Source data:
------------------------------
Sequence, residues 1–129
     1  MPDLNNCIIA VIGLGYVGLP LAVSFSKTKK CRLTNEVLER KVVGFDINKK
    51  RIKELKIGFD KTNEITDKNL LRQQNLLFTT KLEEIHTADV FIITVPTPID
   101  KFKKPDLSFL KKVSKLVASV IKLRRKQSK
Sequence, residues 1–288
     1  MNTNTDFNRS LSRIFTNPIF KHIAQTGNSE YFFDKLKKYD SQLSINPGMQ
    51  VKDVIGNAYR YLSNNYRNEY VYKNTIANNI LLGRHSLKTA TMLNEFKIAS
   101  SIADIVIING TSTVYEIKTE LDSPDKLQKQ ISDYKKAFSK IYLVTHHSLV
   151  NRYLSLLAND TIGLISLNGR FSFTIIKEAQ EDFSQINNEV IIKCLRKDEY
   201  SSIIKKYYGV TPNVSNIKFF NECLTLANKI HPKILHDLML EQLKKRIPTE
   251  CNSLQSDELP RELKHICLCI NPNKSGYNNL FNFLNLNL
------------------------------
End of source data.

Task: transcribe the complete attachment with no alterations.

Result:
Sequence, residues 1–129
     1  MPDLNNCIIA VIGLGYVGLP LAVSFSKTKK CRLTNEVLER KVVGFDINKK
    51  RIKELKIGFD KTNEITDKNL LRQQNLLFTT KLEEIHTADV FIITVPTPID
   101  KFKKPDLSFL KKVSKLVASV IKLRRKQSK
Sequence, residues 1–288
     1  MNTNTDFNRS LSRIFTNPIF KHIAQTGNSE YFFDKLKKYD SQLSINPGMQ
    51  VKDVIGNAYR YLSNNYRNEY VYKNTIANNI LLGRHSLKTA TMLNEFKIAS
   101  SIADIVIING TSTVYEIKTE LDSPDKLQKQ ISDYKKAFSK IYLVTHHSLV
   151  NRYLSLLAND TIGLISLNGR FSFTIIKEAQ EDFSQINNEV IIKCLRKDEY
   201  SSIIKKYYGV TPNVSNIKFF NECLTLANKI HPKILHDLML EQLKKRIPTE
   251  CNSLQSDELP RELKHICLCI NPNKSGYNNL FNFLNLNL